1. If the intensity of the incident light increases, more number of photons interact with electrons and more number of electrons are emitted. Thus the electric current increases with the intensity of the incident light.

2. For a given metal, Φ_{0}(hν_{0}) is constant. Hence from 1/2mv^{2} = hν – hν_{0}, we can understand that KE depends on ‘V’ (incident frequency).

3. From this equation 1/2mv^{2} = hν – hν_{0}. we can understand that photoemission is not possible, if ν < ν_{0.}

4. According to quantum theory, a photon interacts only with a single electron (no sharing of energy takes place) so that there is no time delay in photoelectric emission.

Particle Nature Of Light: The Photon:

The photon picture of electromagnetic radiation is as follows:

- In interaction of radiation with matter, radiation behaves as if it is made up of particles called photons.
- Each photon has energy E and momentum ρ.
- Photon energy is independent of intensity of radiation.
- Photons are electrically neutral and are not deflected by electric and magnetic fields.
- In a photon-particle collision the total energy and total momentum are conserved.

Wave Nature Of Matter

In 1924, the French physicist Louis Victorde Broglie put forward the hypothesis, that moving particles of matter should display wavelike properties under suitable conditions.

The waves associated with material particles are known as matter waves or de-Broglie’s waves. de-Broglie wave is seen with microscopic particles like proton, electron, and neutron, etc. The wave length of matter waves is called de-Broglie wave length.

De-Broglie wave length,

h – Plank’s constant, m – mass of the particle, v – velocity of the particle.

1. Wavelength of matter waves:

The energy of photon E = hν _____(1)

If photon is considered as a particle of mass ‘m’, the energy of photon can be written as

E = mc^{2} _____(2)

From eq(1) and eq (2) we get

hν = mc^{2}

m = \(\frac{\mathrm{hv}}{\mathrm{c}^{2}}\) ________(3)

Momentum of the electron can be written as

P = mass × velocity ______(4)

Substituting eq (3) in eq(4) ,we get

The wave length of electron wave:

If electron of mass ‘m’ and charge ‘e’ is accelerated through a p.d of V volt, the de-Broglie wavelength can be written as

2. Uncertainty Principle:

According to the principle, it is not possible to measure both the position and momentum of an electron (or any other particle) at the same time exactly.

If (∆x) is the uncertainty in position and (∆p) is the uncertainties in momemtum, the product uncertainties is given by

∆x.∆p =\(\frac{h}{2 \pi}\)

The above equation allows the possibility that if ∆x is zero; then ∆p must be infinite in order that the product is nonzero. Similarly, if ∆p is zero, ∆x must be infinite.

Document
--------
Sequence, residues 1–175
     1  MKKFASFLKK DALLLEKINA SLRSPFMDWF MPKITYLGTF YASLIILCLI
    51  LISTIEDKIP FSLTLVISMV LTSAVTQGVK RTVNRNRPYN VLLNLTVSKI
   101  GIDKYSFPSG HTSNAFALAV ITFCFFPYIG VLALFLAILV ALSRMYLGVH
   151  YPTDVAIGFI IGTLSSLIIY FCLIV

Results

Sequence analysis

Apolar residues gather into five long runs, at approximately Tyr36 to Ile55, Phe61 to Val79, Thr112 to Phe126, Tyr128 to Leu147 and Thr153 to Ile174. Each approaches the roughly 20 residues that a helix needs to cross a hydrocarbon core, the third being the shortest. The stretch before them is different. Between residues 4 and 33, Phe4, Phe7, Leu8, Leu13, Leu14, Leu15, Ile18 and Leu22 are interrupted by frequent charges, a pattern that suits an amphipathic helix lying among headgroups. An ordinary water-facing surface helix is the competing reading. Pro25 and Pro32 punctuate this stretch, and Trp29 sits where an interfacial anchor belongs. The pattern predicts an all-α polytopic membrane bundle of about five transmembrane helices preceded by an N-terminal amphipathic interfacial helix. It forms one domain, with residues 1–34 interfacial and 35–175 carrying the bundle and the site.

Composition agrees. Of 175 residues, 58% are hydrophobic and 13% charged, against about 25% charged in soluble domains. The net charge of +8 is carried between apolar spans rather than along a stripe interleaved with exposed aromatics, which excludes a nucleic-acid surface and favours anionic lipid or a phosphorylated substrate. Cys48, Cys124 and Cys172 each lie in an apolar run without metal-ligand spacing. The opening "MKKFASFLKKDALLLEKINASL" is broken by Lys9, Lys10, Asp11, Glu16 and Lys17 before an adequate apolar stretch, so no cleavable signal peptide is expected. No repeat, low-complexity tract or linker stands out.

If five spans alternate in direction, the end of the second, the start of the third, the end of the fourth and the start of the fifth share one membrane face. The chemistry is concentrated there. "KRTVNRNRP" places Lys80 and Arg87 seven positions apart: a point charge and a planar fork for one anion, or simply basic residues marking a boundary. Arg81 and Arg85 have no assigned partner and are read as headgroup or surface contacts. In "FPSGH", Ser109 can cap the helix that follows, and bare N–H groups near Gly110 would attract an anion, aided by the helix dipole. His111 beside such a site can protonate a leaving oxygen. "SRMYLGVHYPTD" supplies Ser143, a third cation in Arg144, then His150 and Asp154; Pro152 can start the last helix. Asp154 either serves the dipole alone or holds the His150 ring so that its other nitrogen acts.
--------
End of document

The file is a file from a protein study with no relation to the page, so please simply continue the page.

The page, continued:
The wave packet description of an electron:

The above wave packet description of matter wave corresponds to an uncertainty in position (∆x) and an uncertainty in momentum (∆p).

Wave packet description for ∆p = 0:

The above wavepacket description of matter wave corresponds to a definite momentum of an electron extends all over space. In this case, ∆p = 0 and

∆x → ∞

Davisson Germer Experiment

Aim: To confirm the wave nature of electron.

Experimental setup:

The Davisson and Germer Experiment consists of filament ‘F’, which is connected to a low tension battery. The Anode Plate (A) is used to accelerate the beam of electrons. A high voltage is applied in between A and C. ’N’ is a nickel crystal. D is an electron detector. It can be rotated on a circular scale. Detector produces current according to the intensity of incident beam.

Working:

The electron beam is produced by passing current through filament F. The electron beam is accelerated by applying a voltage in between A (anode) and C. The accelerated electron beam is made to fall on the nickel crystal.

The nickel crystal scatters the electron beam to different angles. The crystal is fixed at an angle of Φ = 50° to the incident beam.

The detector current for different values of the accelerating potential ‘V’ is measured. A graph between detector current and voltage (accelerating) is plotted. The shape of the graph is shown in figure.

Analysis of graph:

The graph shows that the detector current increases with accelerating voltage and attains maximum value at 54V and then decreases. The maximum value of current at 54 V is due to the constructive interference of scattered waves from nickel crystal (from different planes of crystal). Thus wave nature of electron is established.

Experimental wavelength of electron:

The wave length of the electron can be found from the formula

2d sinθ = nλ ______(1)

From the figure, we get

θ + Φ + θ = 180°

2θ = 180 – Φ, 2θ = 180 – 50°

θ = 65°

for n = 1

equation (1) becomes

λ = 2dsinθ_____(2)

for Ni crystal, d = 0.91 A°

Substituting this in eq. (2), we get

wavelength λ = 1.65 A°

Theoretical wave length of electron:

The accelerating voltage is 54 V

Energy of electron E = 54 × 1.6 × 10^{19}J

∴ Momentum of electron P = \(\sqrt{2 \mathrm{mE}}\)

= 39.65 × 10^{-25} Kg ms^{-1}

∴ De-Broglie wavelength λ = \(\frac{h}{P}\)

Discussion:

The experimentally measured wavelength is found in agreement with de-Broglie wavelength. Thus wave nature of electron is confirmed.